Comic relief

The newbies

Think accounting is hard? Try standup



Comic relief

The pros

It's not all giggles and rubber chickens



Comic relief

The vets

These are not the ravings of a lunatic



Comic relief

Profile: Ryan Vaughn, adjunct professor

“Comedy is more than just punch lines. There’s a cultural significance to it.”



Comic relief

Profile: Matt Ritter '01

“Stage has always been my comfort zone.”



Comic relief

Profile: Jen Kwok '04

“I’m lucky because I’m starting to make a living at it, three or four years into my career.”



Comic relief

Profile: Aaron Gold '10

“I try to take bad things that happened to me and turn them into comedy.”



Comic relief

Profile: Adam Hunter

“Literally, my job is to say whatever I want.”



Comic relief

Profile: Avi Liberman ’93

“Everybody has off nights, but when it’s working, it’s a great feeling.”



Comic relief

Profile: Paul Morrissey ’96

“I basically kind of failed upwards.”



Comic relief

Profile: Andy Kindler '78

“When I’m elderly, please come see me when I’m playing the condo circuit in Florida.”



Comic relief

Profile: Paul Reiser ’77

“I know what really good comedy should sound like now. I’m tougher on myself.”



Comic relief

Comic relief

Return to the first page of the Cover Story.



Profile: Paul Morrissey ’96

“I basically kind of failed upwards.”

Comic relief
Provided
When Paul Morrissey was planning his wedding, he ran into his idol, David Sedaris, at a book reading. So he gave him an invitation. A month before the ceremony, he received a handwritten letter saying, “Dear Kimmy and Paul. Thank you for the invitation, but I’ll be Germany on the day of your wedding. Please accept the following gift, which will come in handy when building your new life. Sincerely, David Sedaris.” Enclosed was a one-dollar bill.

As a starting point guard at Binghamton University, Paul Morrissey dreamed of a career in the NBA. But, he says, “my height and my athletic ability kept me from that dream.”

So, upon graduation in 1996, Morrissey used his English, Literature and Rhetoric degree and his basketball experience to land a job as a sports reporter at a local television news station in northern California, but half the job required taking general news assignments.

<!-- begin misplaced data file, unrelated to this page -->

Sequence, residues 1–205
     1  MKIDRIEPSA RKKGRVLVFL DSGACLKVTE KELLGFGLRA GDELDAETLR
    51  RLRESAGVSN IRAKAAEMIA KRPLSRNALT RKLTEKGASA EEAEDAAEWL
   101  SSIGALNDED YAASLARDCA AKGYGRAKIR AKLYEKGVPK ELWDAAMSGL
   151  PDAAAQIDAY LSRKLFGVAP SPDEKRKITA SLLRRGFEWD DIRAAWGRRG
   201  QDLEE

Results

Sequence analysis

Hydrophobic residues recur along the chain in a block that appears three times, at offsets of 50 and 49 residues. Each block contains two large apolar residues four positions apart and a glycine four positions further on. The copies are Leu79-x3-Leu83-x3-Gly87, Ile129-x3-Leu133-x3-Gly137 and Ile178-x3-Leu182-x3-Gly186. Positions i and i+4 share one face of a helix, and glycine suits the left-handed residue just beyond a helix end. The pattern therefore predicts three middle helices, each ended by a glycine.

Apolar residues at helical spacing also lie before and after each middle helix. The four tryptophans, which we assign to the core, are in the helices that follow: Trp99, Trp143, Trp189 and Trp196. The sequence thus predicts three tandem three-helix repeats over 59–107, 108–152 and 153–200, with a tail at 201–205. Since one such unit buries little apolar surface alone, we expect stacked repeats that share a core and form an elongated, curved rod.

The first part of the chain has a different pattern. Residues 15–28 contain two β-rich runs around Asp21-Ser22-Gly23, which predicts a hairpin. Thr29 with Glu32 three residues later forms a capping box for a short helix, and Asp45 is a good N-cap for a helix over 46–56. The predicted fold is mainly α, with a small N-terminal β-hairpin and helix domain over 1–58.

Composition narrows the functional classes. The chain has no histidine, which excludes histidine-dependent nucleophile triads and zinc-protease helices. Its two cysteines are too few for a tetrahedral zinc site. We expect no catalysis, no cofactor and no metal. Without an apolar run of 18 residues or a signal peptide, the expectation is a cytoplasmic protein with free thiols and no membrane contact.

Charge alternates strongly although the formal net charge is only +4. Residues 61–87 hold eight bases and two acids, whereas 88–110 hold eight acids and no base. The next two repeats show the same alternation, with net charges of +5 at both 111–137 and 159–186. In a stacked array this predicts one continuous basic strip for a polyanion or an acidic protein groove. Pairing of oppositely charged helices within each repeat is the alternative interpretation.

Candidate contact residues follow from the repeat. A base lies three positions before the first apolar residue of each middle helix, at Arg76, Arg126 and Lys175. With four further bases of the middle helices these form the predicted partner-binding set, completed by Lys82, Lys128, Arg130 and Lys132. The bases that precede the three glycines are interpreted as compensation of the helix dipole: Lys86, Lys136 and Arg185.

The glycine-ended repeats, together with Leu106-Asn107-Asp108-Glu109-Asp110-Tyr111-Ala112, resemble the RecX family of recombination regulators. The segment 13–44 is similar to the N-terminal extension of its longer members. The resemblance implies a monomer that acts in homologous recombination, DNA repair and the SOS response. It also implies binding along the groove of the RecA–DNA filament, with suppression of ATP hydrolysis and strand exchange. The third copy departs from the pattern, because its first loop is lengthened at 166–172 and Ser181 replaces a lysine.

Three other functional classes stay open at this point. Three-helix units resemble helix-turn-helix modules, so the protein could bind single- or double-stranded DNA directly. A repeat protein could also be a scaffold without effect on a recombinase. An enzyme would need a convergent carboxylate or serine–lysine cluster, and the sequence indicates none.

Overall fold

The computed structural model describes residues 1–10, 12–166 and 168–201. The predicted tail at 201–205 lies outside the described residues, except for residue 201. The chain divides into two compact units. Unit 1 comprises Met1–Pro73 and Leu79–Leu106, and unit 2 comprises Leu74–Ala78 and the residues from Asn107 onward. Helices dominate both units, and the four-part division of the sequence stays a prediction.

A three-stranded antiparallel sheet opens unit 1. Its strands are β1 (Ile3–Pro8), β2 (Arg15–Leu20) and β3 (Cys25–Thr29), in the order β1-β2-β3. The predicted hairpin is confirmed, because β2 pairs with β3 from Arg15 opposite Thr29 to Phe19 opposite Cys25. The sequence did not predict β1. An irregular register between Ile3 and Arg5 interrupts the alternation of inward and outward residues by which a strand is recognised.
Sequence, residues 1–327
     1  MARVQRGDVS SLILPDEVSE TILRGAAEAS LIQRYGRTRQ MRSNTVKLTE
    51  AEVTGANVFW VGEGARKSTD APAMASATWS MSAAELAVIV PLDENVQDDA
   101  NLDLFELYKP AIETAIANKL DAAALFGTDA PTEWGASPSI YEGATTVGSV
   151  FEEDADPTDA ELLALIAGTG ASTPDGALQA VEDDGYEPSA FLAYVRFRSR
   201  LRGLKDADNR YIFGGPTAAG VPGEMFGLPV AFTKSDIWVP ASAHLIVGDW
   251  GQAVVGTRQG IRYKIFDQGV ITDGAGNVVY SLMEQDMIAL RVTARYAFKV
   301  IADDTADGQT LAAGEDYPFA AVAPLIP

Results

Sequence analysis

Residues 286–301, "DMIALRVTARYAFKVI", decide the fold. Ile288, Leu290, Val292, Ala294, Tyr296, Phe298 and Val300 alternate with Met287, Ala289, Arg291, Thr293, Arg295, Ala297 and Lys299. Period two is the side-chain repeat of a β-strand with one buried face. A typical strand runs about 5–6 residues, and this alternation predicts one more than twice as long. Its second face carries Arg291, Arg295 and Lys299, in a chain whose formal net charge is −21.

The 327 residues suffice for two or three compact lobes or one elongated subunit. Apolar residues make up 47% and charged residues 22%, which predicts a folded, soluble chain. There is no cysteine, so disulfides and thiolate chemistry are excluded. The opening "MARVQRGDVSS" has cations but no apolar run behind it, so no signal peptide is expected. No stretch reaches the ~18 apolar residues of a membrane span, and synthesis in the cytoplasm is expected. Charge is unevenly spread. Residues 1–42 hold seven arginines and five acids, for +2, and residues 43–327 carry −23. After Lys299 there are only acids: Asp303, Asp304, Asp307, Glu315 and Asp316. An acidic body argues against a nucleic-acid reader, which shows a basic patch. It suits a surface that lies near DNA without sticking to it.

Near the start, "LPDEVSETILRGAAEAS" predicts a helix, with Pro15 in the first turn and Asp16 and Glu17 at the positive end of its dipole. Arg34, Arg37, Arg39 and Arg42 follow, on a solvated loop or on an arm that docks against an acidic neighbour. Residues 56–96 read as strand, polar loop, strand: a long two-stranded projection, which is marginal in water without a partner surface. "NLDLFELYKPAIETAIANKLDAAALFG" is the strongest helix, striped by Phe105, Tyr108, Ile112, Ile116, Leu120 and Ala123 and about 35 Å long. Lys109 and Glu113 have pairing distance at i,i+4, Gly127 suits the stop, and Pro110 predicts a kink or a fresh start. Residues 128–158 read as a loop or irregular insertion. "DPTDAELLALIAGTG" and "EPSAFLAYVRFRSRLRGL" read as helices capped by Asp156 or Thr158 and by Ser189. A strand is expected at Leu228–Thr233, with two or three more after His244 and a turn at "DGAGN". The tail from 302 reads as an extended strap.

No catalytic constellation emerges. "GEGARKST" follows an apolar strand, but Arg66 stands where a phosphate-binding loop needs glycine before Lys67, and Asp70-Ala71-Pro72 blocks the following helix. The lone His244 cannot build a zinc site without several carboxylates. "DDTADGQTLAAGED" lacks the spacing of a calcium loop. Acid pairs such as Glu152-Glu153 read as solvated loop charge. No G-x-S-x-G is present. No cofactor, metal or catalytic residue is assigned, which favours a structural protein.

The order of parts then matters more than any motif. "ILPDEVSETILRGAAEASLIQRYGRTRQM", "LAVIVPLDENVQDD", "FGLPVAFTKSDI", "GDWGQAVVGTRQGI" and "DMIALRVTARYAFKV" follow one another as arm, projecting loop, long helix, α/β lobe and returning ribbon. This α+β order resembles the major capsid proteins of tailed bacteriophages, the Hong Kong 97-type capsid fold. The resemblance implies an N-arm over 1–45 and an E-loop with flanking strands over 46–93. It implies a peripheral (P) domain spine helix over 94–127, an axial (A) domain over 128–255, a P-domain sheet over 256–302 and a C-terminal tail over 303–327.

“I didn’t like covering news,” he says. “If they wanted me to cover a murder, I’d be like, ‘that sounds bad. I don’t want to do that. I want to cover a chili cook-off or something.’ So I was the ‘fair-news’ man. I figured out that if I was really bad at reporting the news, they’d just make me do the sports.”

His plan not only worked, the station quickly promoted him to sports anchor. “I basically kind of failed upwards.” Even though Morrissey liked reporting sports, he noticed his sense of humor and independence were getting him in trouble with his bosses.

“In local news, making fun of things wasn’t that great of an idea,” he laughs. “When you get really famous you can do that. But when you’re covering a Little League team, you can’t really pick on somebody’s kids. ”

After a couple of years on television, Morrissey took a class to learn standup because he thought it would help his work. Within six months he was getting gigs. Six months after that he quit his job, moved in with his folks in Owego, near Binghamton, and transitioned into standup. Soon he moved to New York City and earned his master’s in education at New York University while doing comedy nights and weekends.

Looking back on his time at Binghamton, Morrissey says, “I used to joke that my degree is in rhetoric, and I don’t really know what that means.” But then he saw a tribute video to George Carlin in which Carlin explains to Jon Stewart that standup is “rhetoric. It's not just comedy; it's a form of rhetoric.”

“That made me feel the degree was kind of worth it,” Morrissey jokes. Actually, Morrissey says his degree helped him in both news and comedy, where “brevity of words is very important,” and helped him distill his act to 4 and a half minutes for his first appearance on The Late Late Show with Craig Ferguson. He performed so well, the show asked him back three more times in the next 18 months, which is nearly unheard of.

Television shows are amazing, Morrissey says, because a comedian could tour for 20 years and not reach the amount of people one TV show can reach in one night. “And the Craig Ferguson Show studio is above The Price Is Right, so you get to go down and mess with the Plinko board.”

More at: http://paulhasawebsite.com/